Cryosat, a sattelite of the European Space Agency (esa), plumetted north of Greenland close to the region of the Lincoln Sea near North Pole, with no consequences to populated areas.
The us $168 million worth satellite took off from Russia's Plesetsk Cosmodrome, aboard a modified intercontinental ballistic missile, Rockot. It was carrying a sophisticated radar altimeter, a device that measures the height and angle of ice surfaces with unprecedented precision. Officials assessed the work of the personnel who handled the launch of the Rokot as "excellent" and blamed the crash on "an anomaly in the launch sequence". Early investigations indicate a failure with the onboard flight control system. The error meant that the separation between the rocket's second and third stages did not occur, denying the satellite the final boost it needed to reach the polar orbit.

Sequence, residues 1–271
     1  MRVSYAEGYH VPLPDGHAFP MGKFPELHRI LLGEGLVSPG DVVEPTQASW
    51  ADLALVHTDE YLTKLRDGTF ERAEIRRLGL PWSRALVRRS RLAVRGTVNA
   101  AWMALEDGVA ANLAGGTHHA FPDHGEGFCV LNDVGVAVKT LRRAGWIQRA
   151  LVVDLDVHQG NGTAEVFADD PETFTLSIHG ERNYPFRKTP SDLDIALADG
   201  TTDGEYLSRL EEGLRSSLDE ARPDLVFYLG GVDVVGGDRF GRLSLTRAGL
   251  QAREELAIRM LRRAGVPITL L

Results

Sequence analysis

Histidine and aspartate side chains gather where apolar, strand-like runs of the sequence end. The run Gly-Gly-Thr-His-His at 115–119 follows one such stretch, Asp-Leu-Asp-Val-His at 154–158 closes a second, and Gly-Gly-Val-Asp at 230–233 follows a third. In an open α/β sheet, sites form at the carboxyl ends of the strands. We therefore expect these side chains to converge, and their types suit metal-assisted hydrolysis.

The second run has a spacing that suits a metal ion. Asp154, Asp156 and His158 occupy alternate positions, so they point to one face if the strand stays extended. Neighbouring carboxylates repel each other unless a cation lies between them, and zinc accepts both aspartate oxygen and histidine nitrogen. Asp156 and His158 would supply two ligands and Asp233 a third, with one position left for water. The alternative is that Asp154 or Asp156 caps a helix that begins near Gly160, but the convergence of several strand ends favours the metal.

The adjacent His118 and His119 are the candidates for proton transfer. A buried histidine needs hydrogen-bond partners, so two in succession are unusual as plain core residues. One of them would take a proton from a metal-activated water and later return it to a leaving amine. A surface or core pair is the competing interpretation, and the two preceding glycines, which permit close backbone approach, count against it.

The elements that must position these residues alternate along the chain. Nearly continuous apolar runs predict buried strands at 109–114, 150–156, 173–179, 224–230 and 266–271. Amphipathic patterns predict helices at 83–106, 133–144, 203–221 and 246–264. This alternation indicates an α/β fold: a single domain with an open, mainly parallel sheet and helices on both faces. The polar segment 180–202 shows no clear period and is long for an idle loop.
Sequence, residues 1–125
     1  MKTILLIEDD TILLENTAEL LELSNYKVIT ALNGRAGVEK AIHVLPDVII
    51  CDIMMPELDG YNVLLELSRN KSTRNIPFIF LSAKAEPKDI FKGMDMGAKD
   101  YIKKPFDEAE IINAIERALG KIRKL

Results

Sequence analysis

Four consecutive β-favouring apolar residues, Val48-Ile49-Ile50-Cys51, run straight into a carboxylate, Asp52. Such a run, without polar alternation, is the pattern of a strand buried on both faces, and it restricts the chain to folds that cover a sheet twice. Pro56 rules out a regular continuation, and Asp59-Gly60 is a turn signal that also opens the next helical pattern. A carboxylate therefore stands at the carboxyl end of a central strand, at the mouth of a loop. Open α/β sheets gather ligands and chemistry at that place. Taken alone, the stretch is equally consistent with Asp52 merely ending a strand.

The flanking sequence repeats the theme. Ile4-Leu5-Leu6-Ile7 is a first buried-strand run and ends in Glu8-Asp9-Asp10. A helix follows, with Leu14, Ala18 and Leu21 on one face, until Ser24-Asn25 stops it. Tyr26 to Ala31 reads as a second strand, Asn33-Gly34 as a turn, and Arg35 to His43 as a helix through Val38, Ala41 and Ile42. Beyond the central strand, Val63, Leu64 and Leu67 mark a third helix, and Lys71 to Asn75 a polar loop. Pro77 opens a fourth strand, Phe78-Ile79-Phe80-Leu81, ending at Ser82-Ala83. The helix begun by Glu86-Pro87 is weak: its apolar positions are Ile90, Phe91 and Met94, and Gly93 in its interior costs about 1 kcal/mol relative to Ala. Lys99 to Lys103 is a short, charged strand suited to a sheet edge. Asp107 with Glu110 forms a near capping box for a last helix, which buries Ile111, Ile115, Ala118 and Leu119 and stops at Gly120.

CryoSat was the first of esa's low-cost projects trying to answer important environmental questions, and provide data on ice extent and volume. The satellite could see ice masses at vastly improved resolutions and determine changes in the wind that shift the ice around.
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